Microorganisms, especially fungi and bacteria, are practically ubiquitous living beings . Spores can be found floating thousands of meters above sea level and in the extremely salty waters of the Dead Sea. Microorganisms populate our body . In fact, for every human cell we have, there is a bacterium; only since these are significantly smaller, the total weight of microorganisms that inhabit a human being is barely 200 grams.
A complex ecosystem lives in our intestines that helps us to digest —the microbiota , or badly called intestinal flora—; Our mouths are teeming with bacteria, and there are as many on a square centimeter of skin as there are people on the planet.
There are areas of the skin that are more preferred by bacteria and fungi than others; the genitals, the groin, the armpits or the feet present many more microorganisms than, for example, the elbow or the back of the hand. And one of the areas where more bacteria accumulate is under the nails.
Nails are hard and resistant chitin structures that are born attached to the skin of the fingers. The space between the nail and the finger is an optimal refuge for microorganisms. The same nail protects the microbial communities from possible external aggressions.
As in other areas of the body, bacteria and fungi form structures under the nails called biofilms . A biofilm, or biofilm , is a dense layer of bacteria made up of several layers, generally composed of different species. Its thickness can be up to 200 microns —2 tenths of a millimeter—. Bacteria secrete an adhesive substance , rich in polysaccharides, with which they remain firmly attached to solid surfaces. Archaea, fungi and other microorganisms also inhabit these biofilms. And the underside of the nail is an optimal place to establish these biofilms.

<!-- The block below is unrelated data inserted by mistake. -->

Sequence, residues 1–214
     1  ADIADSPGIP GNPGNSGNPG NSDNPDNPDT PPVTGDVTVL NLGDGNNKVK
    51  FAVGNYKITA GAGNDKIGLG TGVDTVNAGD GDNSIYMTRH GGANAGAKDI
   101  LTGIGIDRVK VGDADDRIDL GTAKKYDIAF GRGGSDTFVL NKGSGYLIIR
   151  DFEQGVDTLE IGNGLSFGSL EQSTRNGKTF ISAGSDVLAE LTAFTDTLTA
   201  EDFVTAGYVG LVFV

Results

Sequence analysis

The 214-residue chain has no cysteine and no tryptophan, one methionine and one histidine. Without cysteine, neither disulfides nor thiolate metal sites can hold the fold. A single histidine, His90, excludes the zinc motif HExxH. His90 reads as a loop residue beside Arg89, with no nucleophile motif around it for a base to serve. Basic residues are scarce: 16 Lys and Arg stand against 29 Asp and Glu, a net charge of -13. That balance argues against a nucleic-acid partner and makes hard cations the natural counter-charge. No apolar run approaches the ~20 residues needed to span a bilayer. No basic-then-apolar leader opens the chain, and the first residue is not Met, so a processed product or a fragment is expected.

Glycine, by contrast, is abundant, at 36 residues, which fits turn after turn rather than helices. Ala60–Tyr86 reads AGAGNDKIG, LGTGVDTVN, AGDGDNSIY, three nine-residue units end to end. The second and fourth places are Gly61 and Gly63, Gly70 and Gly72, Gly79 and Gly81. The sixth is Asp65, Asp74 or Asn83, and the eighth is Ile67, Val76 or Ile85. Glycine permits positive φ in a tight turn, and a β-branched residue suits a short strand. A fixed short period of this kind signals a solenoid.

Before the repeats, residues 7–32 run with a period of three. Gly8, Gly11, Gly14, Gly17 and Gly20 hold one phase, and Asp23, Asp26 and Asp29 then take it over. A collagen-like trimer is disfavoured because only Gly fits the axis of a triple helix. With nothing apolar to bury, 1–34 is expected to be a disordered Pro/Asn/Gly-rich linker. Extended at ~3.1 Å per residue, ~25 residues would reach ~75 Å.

A biofilm is an extraordinarily resistant structure . Even when abrasive substances come into contact with it, only bacteria in the surface layers are affected. But the lower substrates are protected by the biofilm structure itself.
The way to act effectively against a biofilm is mechanical abrasion . For this reason, to eliminate the biofilms that reside under the nails, it is not enough to wash with soap and water or with hydroalcoholic gel, but it is necessary to rub under the nails, either using hard brushes or wooden sticks made specifically for it.
In many clawed predatory animals, bacteria residing under the nails are frequent sources of infection for their prey. This effect is also frequently present in bites, and generates an adaptive advantage for these animals.
The human being does not need these strategies, however, the bacteria and fungi under our nails can also be a source of infections. This is an important factor to take into account when handling food without gloves, putting on contact lenses or any other product that may be in contact with our mucous membranes, or when treating an injured person. These populations of microorganisms, at a time of low defenses, or when the nail or the underlying skin is damaged, can become opportunistic infectious agents.
Part of the bacterial population under our nails are species capable of causing health problems. The staphylococci genus ( Staphylococcus spp. ) is probably the most common, and can lead to food poisoning. Fecal bacteria Escherichia coli or species of the genus Enterobacter also abound.
Less common, but also present, are Klebsiella, Serratia or Streptococcus or the dangerous Salmonella .
Among the fungi, Trichophyton rubrum stands out, which has been defined as the most important pathogen in fungal infections of the skin, the main cause of onychomycosis — fungal infections of the nails or the skin under them. Other fungi that can appear under the nails are several species of the Candida genus —including Candida albicans— , yeasts that cause skin infections and, in some cases, sexually transmitted diseases . It is therefore important to practice good hand hygiene before engaging in sexual practices that involve hand-genital contact.
Other yeasts that do not usually cause health problems, such as those of the Saccharomices genus —such as beer yeast— are also common under the nails.
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